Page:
Published on

Giving a new life to my 2010 laptop

A little backstory

Back in 2010, where I still in my primary school. My dad bought us our first laptop. My brother & I loves it. The model is Acer Aspire 4738Z. It has 2GB of RAM, 320GB of HDD, and Intel Pentium P6100. It was a great laptop back then. We mainly use it for school work and some light gaming (We love to play this KokoKrunch's game; Monster Trux).

The laptop also help me survive in my foundation year in university. At this point I realizes that the laptop is getting worse in performance. The time taken between pressing the power button until I can interact with it is like 15 minutes! I still can do work on Word or PowerPoint but it requires a lot of patience. (I can't believe it myself that I can survive with that kind of frustration)

On 2019, I purchased a new laptop. Since then, this old laptop is collecting dust in the cabinet.

Previous project

At one point previously, I tried to repurpose the laptop monitor to become an external monitor. The project is successful, I'm happy, but there are reasons I think it is not practical to use it; the viewing experience is bad, display too small and I the dangling electronics made it difficult to store. So I decided to scrape the project.

Facebook Post Monitor Project

Link to post:

Choosing the OS

Before upgrading the hardware, I think itk is better to choose the OS first, from there I can decide what hardware to buy. Currently, this laptop has both Windows 10 & Ubuntu 18 installed (Dual boot). So, telling from experience, Ubuntu require much less resources than Windows do. I'm also not planning to do any work on this laptop that require Windows.

So, I decided to went full Linux. Since, I'm most comfortable with Ubuntu, I decided to install latest Ubuntu interim release 23.10.

Upgrading the hardware

Now that we have choose the OS, let's start hunting for suitable hardware. Remember that I'm not planning to do any demanding task with this machine.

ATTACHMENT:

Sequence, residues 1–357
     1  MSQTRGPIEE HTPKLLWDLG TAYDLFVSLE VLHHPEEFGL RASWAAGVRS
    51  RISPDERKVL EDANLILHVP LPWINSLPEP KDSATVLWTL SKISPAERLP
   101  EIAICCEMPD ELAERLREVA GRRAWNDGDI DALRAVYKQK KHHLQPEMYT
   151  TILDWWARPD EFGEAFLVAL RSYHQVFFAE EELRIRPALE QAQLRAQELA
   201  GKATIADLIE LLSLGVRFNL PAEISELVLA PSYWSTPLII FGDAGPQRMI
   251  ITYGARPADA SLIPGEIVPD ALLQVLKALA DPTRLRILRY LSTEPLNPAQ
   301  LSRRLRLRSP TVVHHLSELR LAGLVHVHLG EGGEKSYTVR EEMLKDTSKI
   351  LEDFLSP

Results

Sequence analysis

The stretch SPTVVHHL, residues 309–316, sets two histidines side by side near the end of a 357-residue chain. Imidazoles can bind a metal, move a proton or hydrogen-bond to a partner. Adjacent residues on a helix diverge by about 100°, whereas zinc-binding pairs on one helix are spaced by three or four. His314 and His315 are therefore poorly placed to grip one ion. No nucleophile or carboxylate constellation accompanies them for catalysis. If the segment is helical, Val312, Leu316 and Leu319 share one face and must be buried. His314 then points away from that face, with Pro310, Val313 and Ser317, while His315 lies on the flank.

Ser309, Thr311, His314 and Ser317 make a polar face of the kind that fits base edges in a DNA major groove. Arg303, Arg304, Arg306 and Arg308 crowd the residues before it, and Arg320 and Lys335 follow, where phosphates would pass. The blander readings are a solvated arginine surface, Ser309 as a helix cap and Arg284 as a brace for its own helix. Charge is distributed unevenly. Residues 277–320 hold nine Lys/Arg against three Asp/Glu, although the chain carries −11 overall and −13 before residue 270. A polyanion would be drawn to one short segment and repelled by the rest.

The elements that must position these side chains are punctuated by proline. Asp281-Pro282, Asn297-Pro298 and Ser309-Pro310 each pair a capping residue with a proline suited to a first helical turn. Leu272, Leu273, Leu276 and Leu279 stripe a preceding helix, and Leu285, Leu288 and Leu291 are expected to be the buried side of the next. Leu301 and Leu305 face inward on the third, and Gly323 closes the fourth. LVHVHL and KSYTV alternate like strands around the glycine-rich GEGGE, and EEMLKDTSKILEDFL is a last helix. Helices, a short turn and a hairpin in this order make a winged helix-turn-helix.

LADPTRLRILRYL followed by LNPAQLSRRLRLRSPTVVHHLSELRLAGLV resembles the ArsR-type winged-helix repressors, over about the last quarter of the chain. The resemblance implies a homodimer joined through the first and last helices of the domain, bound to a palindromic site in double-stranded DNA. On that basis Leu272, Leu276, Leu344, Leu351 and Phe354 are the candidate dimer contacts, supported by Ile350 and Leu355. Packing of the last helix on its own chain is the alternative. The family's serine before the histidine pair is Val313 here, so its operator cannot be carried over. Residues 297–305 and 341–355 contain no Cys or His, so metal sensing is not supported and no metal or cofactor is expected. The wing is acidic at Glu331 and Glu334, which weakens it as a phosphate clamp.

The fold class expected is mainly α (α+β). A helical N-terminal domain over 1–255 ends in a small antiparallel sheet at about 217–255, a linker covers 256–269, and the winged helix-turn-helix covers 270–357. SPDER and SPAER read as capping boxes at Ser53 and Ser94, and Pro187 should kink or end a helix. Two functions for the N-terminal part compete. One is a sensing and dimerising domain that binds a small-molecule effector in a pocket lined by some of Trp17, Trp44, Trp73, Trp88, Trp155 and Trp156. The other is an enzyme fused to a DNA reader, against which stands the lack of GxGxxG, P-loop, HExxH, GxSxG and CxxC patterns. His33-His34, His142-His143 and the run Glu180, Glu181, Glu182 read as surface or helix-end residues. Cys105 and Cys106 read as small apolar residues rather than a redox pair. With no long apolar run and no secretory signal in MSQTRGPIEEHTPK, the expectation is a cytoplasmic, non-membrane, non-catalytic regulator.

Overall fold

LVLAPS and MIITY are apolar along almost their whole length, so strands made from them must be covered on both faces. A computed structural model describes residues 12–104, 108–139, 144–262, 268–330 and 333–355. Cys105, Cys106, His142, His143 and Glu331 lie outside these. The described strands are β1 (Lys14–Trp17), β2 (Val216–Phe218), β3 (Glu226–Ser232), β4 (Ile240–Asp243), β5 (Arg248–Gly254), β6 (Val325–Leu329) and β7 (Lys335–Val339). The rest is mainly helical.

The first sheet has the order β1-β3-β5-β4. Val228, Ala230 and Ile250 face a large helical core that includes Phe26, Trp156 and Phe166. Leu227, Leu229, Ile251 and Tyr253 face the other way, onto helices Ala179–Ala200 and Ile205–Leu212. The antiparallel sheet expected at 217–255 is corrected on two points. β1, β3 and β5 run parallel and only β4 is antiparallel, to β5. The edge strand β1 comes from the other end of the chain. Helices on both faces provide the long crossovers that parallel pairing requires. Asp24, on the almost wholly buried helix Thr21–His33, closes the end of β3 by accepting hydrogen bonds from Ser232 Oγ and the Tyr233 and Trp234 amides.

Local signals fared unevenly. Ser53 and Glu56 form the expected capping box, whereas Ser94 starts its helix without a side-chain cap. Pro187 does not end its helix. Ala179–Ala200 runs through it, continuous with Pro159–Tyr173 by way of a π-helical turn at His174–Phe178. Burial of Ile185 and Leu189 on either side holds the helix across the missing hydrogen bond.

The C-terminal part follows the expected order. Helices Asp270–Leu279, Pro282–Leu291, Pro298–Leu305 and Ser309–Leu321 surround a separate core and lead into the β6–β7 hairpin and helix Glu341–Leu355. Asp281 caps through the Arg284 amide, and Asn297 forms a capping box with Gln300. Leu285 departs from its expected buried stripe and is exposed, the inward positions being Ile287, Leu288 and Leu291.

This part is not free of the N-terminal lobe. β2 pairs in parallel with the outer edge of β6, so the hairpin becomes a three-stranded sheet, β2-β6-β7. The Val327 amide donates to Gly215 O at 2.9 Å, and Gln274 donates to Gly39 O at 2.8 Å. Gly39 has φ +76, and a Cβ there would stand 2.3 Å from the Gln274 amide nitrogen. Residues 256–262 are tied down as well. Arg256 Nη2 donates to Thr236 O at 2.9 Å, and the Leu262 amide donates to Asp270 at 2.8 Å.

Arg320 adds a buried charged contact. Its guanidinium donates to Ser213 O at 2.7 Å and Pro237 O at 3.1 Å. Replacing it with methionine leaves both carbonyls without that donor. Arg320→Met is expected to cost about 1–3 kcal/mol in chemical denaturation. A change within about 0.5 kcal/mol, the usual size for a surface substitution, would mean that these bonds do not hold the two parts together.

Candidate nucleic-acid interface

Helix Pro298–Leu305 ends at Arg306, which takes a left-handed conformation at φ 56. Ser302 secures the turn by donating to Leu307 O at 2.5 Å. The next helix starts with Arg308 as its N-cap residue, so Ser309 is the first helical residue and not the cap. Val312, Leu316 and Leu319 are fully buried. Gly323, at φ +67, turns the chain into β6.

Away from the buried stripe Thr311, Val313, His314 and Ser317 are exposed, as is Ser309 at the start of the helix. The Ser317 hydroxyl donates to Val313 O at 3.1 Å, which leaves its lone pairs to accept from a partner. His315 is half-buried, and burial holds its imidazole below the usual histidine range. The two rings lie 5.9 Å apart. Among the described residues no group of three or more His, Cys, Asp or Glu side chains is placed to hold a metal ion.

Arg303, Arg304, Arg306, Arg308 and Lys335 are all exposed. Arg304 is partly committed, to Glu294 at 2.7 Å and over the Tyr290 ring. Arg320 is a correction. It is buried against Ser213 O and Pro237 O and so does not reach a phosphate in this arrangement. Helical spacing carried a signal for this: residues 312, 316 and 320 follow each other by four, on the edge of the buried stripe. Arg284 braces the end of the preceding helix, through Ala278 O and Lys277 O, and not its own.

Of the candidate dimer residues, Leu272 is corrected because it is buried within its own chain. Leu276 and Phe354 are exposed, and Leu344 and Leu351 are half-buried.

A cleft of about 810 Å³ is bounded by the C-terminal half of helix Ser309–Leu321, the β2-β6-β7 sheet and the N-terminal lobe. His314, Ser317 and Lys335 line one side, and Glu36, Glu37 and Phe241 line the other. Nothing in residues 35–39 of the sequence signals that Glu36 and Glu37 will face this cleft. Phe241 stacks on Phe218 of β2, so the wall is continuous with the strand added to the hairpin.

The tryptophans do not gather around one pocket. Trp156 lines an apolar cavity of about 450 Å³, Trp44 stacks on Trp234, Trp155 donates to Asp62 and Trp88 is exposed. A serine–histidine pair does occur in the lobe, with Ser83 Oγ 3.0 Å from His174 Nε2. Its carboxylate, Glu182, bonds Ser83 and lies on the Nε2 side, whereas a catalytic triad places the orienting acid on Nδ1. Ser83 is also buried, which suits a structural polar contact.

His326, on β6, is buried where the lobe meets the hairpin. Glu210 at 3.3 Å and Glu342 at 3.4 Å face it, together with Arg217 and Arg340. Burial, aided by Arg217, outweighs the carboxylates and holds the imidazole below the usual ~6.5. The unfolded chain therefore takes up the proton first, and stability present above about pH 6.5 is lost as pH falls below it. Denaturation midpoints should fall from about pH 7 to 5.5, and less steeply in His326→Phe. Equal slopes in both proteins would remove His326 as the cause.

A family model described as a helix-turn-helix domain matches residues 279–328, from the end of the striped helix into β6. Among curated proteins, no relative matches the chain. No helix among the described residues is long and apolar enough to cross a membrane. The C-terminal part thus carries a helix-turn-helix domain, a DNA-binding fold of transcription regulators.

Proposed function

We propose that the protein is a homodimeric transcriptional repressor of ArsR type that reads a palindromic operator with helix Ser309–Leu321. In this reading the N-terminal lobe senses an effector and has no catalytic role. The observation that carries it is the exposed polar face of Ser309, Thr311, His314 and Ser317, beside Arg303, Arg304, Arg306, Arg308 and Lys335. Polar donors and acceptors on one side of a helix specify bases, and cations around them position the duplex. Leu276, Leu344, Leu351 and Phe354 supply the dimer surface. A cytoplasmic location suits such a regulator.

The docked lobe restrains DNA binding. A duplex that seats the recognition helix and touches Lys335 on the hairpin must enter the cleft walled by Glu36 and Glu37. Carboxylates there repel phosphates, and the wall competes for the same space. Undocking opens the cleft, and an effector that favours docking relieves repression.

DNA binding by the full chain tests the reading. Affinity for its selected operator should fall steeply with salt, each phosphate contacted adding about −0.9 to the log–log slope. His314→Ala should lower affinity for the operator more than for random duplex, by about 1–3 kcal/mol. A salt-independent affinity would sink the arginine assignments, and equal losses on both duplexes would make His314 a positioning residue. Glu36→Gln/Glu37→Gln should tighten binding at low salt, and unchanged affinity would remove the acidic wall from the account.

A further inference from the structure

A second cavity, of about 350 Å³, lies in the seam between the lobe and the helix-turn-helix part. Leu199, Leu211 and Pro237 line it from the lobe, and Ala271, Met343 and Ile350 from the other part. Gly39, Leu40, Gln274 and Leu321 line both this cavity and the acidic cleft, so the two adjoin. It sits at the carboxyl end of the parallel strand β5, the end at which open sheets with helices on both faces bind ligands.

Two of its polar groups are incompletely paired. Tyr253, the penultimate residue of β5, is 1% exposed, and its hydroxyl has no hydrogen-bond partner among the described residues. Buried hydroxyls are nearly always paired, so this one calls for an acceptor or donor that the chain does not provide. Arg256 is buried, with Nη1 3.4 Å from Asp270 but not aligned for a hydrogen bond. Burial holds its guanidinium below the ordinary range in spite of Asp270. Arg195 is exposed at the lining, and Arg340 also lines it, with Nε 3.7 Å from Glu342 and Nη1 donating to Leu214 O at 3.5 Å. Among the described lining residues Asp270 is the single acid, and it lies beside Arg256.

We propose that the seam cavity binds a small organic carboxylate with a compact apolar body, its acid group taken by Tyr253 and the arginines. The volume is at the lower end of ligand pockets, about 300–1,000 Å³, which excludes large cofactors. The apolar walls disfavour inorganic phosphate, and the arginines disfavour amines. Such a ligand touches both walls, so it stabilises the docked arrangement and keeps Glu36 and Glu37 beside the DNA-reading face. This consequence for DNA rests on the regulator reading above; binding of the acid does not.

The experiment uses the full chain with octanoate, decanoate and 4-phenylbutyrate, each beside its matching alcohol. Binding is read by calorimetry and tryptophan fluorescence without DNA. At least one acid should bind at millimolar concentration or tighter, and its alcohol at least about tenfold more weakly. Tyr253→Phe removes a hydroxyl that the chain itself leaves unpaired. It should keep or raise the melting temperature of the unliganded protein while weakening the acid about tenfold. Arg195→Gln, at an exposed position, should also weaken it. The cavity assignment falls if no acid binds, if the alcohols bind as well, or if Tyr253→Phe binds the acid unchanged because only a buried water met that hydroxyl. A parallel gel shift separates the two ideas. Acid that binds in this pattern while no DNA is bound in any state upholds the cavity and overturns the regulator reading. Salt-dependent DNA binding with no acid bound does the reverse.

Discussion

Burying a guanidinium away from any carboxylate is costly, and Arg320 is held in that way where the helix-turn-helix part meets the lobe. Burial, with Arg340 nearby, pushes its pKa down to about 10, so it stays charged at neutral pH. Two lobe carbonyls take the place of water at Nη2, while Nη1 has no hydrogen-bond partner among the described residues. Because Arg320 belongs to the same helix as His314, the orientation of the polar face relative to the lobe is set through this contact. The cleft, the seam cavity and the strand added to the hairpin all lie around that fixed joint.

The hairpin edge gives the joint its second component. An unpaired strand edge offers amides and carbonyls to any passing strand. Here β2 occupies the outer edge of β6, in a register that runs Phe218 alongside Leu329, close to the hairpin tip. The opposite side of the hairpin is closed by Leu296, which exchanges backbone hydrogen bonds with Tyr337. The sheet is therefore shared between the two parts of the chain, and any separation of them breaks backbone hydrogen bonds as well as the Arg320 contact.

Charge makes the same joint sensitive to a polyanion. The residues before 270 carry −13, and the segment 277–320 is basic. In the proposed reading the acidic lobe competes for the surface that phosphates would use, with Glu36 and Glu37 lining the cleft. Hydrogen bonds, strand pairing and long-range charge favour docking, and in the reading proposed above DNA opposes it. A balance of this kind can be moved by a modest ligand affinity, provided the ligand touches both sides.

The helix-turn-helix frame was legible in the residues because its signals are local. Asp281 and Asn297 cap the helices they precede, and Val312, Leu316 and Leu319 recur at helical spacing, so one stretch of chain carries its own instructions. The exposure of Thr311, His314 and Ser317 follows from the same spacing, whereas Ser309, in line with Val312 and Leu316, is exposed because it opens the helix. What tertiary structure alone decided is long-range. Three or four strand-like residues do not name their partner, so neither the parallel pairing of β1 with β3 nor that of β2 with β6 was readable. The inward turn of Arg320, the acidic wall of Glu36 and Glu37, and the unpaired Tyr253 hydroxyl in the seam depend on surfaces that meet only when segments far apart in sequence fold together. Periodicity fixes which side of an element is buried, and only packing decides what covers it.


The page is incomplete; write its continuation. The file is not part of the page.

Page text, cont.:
I don't to mess with Processor. So, let's just skip this part. But,I just wanted to show here the processor that I took out from its socket in 2019.


I do check the official specification page of the processor to see if ther is any useful information we could use.

Intel p6100 Memory Spec

Ah, max 8 GB RAM. Noted that.


Hmm how much RAM do I need ya. The system equipped with 2 GB RAM. I think, by adding 4 GB more (total 6 GB) should be sufficient enough. I tried to match the current RAM model and specification to maximze compatibility.

Current and new RAM
Top = old, bottom = new
Current and new RAM installed
Top = new, bottom = old


SSD is a must. Using decades old mechanical spinnning disk just make the system slow. 240 GB should be enough for this system. Luckily, SSD prices has going down over years.


SSD WD installed

What happened to the original HDD? I bought a nice enclosure and turned it to an external drive!

CMOS Battery

This thing is not broken or anything. But the old battery is already 13+ years old. Sooner or later, it will die. Since I already opened the laptop, why not just replace it. It is cheap anyway.

CMOS Battery

Components summary

All components I bought from Shopee.

Installing the OS

This part is straightforward and I've done this thing before. First, head to Ubuntu Desktop site to download the ISO to other computer. Get a USB stick (8GB minimum) to flash the ISO using Balena Etcher or Rufus.

Balena Etcher Flashing OS

Plug the USB stick to the laptop and boot it up. Press F2 to enter BIOS menu (depends on your laptop manufacturer). Reorder the boot priority to USB first. Save and exit. The laptop will boot to the USB stick. After this point, just follow the Ubuntu installation wizard.

Ubuntu installer installing
Installation process
Ubuntu installed restart required

Unrelated, but I do miss when laptops have LED status indicator.

laptop led

After a few restart process. I finally can interact with the system. Below is the System Information and Activity Monitor.

Ubuntu System Info
Ubuntu System Monitor

I tried to install Mission Center software. But seems like it having some issues with my laptop.

Like everytime I do with Linux systems; Installing htop and neofetch. Also, using terminal makes me looks smart 😎. Haha just kidding.


I also tried coding on it. Because I'm too lazy to install Vscode, git etc. locally, I just use GitHub Codespace to code. It works great! The keyboard is still very pleasant to type on.

I think that's it for this post. Thank you for reading until the end. If you also happen to have unused old laptop lying around, why not try to upgrade it? It is fun and you will learn a lot. You can give it to your siblings or children for light use. Or save it for yourself as an emergency laptop.


Laptop acer aspire upgraded

Some issues I've encountered

  • The laptop wont boot if I swap the position of the RAM installment. I had this arrangement initially; top = old, bottom = new. Solution: Swapped the position, it boots. The reasons is unclear.
  • Before the new RAM arrives, I attempted to install the Ubuntu first. But the installer stuck and not responsive. I even tried to use Ubuntu Safe Graphics mode, the responsiveness improves, but the screen freezes multiple times. Perhaps to 2GB RAM is too little for the installer to run smoothly. Solution: Wait patiently for the new RAM to arrive.